Three months later, I went back for another lunch. They’re known for omelets and pancakes and I believe serve breakfast all day. (Why not, when it’s essentially a two-person operation? There’s not a lot of red tape to cut through.) For lunch they have hot and cold sandwiches and some $7 lunch specials, including a few Chinese American dishes like kung pao chicken and egg foo young.
I got the mushroom swiss burger ($8), lured by the menu’s promise of a hand-formed patty. Indeed, it was a better than average burger. The bun, however, wasn’t quite up to the job of holding everything together. A sturdier bun is recommended.
So, this is a decent option for all-American food. My second lunch came on a slow day in which I was the only customer the whole hour. C’mon, people, it’s the Popular Cafe. Don’t make liars out of them.
Oli’s Tacos, Montclair Place mall (Moreno and Fremont Streets), Montclair; open 10 a.m. to 8:30 p.m. daily except 11 a.m. to 7 p.m. Sunday
Oli’s won a pop-up contest to join the Montclair mall’s new Moreno St. Market food court and opened Aug. 17. Owned by the mother-daughter team of Olivia Medina and Evelin Sanchez, Oli’s had operated from a small location at 1442 S. Euclid Ave. in Ontario, but now that’s closed for a shot at the big time: gleaming and relatively spacious quarters inside a popular mall.
Because Oli’s may be there for only a limited time, I checked it out for lunch last Sunday. The food court has been relocated within the mall, still accessible from the parking deck off Moreno, but with an inviting entrance and sign, the first, I believe, to use the mall’s new name of more than one year. Baby steps.
Although the old Arboreatum got points for its punning name, Moreno St. Market is a step up in design, and the varied seating is appealing: tables, small booths and counters, with some plush furniture nearby. Rather than the usual horseshoe or L-shaped layout, eateries are on opposite sides of the walkway, with seating (and escalators) in the middle.
The offerings are trendier: Pokeway, Noodle World Jr., Boba World, Stickhouse and Oli’s, plus holdover Panda Express. In other words, it’s virtually all Asian except for Oli’s and Stickhouse, which is ice cream. Two or maybe three more spaces, cleverly concealed, are set aside for future eateries.
Oli’s had a line, and signs advised patience as they’ll be making your food from scratch. At least at that moment, it was the most popular business in the food court. You can get regular tacos, quesadillas and burritos with typical taqueria meats, but they also have some specialty items like vampiros and mulitas, vegetarian and vegan options, aguas frescas and handmade tortillas.
I got an asada taco and a birria taco ($2.25 each), a shrimp taco ($3) and a strawberry guava agua fresca ($3). About 10 minutes later, they were ready, an employee ladled my drink out of the jug and I repaired to a table.
These were good tacos, the kind you’d get at a taqueria, either on the mean or a little above. To get them in a shopping mall was almost revelatory. The drink was great too.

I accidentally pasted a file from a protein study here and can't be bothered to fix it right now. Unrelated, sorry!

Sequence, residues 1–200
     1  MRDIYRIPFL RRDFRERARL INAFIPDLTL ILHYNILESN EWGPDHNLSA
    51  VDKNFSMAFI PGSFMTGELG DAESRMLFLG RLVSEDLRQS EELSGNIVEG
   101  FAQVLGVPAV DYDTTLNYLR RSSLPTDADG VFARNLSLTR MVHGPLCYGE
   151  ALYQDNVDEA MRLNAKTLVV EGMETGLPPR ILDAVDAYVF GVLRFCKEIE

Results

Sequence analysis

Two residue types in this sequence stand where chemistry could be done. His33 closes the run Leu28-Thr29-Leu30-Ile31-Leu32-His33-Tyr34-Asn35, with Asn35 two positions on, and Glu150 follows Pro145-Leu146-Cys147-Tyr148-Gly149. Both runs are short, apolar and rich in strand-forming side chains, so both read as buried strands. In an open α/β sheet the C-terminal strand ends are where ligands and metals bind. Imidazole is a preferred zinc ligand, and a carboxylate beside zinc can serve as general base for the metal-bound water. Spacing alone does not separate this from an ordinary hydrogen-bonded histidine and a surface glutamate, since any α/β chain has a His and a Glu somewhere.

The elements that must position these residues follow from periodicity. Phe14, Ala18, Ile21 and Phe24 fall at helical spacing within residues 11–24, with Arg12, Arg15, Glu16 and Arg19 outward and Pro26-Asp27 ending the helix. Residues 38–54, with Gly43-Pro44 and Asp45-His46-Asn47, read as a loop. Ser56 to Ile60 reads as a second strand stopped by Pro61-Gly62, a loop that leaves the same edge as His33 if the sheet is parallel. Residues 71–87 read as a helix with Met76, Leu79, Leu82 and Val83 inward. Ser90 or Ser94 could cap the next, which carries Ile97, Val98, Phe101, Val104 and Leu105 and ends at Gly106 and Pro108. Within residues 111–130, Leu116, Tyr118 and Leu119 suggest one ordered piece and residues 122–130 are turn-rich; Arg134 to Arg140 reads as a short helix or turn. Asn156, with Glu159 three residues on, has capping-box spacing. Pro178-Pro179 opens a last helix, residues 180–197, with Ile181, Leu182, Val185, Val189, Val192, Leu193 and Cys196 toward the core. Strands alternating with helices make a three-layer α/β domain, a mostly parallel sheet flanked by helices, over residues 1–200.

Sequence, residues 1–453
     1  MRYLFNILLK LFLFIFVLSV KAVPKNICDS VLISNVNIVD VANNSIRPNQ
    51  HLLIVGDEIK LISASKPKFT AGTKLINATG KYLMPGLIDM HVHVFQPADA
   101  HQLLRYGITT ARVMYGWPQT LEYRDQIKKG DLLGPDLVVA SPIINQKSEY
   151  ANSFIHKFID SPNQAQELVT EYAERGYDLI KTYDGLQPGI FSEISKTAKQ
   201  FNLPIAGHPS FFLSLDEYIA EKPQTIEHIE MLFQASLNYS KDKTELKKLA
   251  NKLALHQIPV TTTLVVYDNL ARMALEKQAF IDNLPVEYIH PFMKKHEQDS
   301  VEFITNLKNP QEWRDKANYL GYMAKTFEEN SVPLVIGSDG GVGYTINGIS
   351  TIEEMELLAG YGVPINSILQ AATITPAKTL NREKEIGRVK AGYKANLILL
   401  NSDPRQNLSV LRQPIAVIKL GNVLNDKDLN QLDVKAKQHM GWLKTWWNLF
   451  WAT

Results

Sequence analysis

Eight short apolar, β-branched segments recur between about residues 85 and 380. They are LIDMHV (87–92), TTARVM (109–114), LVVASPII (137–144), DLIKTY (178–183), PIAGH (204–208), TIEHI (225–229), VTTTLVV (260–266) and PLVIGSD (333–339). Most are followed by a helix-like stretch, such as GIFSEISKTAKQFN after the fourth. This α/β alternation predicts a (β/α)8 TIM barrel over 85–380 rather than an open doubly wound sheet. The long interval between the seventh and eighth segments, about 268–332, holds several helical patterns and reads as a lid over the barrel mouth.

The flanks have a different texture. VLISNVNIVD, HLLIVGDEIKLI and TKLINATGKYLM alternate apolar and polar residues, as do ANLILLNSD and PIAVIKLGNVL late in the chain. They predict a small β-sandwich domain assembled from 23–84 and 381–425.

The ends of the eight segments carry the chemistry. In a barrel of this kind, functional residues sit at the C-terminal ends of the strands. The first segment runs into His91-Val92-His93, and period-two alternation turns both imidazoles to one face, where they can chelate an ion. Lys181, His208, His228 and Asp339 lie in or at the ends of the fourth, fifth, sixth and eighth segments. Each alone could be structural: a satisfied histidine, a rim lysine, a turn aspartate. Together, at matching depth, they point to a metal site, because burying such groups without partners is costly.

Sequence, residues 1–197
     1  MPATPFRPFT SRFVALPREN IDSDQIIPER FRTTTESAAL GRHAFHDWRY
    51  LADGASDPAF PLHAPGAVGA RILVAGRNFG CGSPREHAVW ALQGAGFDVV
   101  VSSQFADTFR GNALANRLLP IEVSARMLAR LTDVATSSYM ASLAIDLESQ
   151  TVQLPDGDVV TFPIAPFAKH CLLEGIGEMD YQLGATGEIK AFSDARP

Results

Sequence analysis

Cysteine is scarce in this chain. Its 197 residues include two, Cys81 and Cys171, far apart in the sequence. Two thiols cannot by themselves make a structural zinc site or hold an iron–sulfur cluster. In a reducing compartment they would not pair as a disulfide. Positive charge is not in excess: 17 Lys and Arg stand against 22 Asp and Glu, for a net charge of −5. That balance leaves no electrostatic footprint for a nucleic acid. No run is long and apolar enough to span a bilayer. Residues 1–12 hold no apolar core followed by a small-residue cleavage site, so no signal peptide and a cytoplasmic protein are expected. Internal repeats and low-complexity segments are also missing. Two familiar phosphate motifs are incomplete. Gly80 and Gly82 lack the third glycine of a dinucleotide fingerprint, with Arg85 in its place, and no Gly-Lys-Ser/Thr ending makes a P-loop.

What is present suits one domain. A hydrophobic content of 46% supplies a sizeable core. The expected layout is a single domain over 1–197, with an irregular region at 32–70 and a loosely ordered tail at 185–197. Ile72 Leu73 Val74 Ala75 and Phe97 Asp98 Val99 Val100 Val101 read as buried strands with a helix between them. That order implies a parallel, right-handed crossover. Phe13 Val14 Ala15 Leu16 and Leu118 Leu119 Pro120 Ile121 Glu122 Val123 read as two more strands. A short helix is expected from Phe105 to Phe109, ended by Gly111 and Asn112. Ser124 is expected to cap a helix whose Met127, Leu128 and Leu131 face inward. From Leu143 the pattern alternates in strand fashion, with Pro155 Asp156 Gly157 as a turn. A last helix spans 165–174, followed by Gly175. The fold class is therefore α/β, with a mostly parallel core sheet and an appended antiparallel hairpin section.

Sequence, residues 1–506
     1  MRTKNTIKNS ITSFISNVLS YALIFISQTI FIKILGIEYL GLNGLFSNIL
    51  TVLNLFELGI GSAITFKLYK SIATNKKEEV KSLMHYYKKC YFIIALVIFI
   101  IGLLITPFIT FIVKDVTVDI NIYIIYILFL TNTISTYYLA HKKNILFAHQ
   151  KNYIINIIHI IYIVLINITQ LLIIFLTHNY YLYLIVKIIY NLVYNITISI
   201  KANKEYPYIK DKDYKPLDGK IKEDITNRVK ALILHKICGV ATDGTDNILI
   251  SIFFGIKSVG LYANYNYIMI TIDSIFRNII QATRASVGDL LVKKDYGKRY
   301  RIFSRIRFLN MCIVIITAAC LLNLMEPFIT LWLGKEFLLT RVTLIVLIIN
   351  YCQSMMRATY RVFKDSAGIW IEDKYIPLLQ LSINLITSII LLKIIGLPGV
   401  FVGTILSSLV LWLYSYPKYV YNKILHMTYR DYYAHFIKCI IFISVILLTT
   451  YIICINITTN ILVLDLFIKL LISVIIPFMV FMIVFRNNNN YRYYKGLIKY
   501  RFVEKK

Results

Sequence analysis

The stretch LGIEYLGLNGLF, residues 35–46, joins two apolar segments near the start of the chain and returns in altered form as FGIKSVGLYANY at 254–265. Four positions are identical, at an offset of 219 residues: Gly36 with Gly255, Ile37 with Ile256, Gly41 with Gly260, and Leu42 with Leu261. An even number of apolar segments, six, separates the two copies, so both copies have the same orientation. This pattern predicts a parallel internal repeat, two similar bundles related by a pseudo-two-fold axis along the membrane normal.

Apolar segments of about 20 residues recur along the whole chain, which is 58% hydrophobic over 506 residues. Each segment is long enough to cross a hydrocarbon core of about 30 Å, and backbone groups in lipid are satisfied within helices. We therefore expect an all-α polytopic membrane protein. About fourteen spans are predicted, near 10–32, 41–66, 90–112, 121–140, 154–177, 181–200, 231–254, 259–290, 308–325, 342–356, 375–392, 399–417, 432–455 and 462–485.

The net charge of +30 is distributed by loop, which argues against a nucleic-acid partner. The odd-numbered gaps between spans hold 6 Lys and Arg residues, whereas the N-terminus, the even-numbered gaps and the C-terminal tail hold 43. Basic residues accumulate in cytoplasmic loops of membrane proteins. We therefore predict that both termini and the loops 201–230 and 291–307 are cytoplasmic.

There’s a hand-crafted vibe to the Oli’s space, with stylish signs and menu board, hip art by Miriam Bricio and friendly, non-robotic service. Chipsters will love it, but so should everyone else.
A small caveat: At your typical taqueria, three tacos and a drink would not cost $11. But the food is good, and maybe Oli’s has mall-type expenses, so grant them the extra buck or two. Oli’s is almost certainly the best food court restaurant in the Inland Valley, and that it’s locally owned is heartening.
Update: Oli’s tells me via Twitter that they’re at the mall through September but “we hope to stay here long term.”
Szechuwan Garden, 8851 Central Ave. (at Arrow), Montclair; open daily
This ’80s strip mall has had a Chinese restaurant of one name or another for 30 years: first Royal China, then Golden Buddha and then, since 1998, Golden China. When it closed in 2014, after a long run, its replacement was yet another Chinese restaurant, Szechuwan Garden.
Thankfully, they made the place over, ditching some of the dated touches that left you wondering if A Flock of Seagulls might drop in for a pu-pu platter. The dining room is more industrial now, the lighting is focused and the atmosphere less tacky.
The menu is slightly more interesting than your typical Chinese American restaurant — shredded pork with dry bean curd, chow fun — but largely has familiar dishes, even moo goo gai pan, and cream cheese wontons, but no orange chicken at least.
I had lunch there last month with a friend. He got tangerine chicken off the lunch menu ($7), while I got one of the chef’s specialties, Mao braised pork belly ($13). His came with soup, salad and egg roll. They gave me a soup to be nice.
He liked his lunch, and mine was pretty good too, soft chunks of pork belly atop sauteed spinach, with brown rice on the side. Inland Empire had named it to its 10 Dishes to Die For list, a display at the entrance had boasted.
This isn’t San Gabriel-style authentic Chinese food, and thus I wouldn’t recommend driving across the valley to eat here. That said, it’s clean and comfortable, a small step up from Golden China, and in a time when decent sitdown places for traditional Chinese food are becoming scarce, I wish them luck.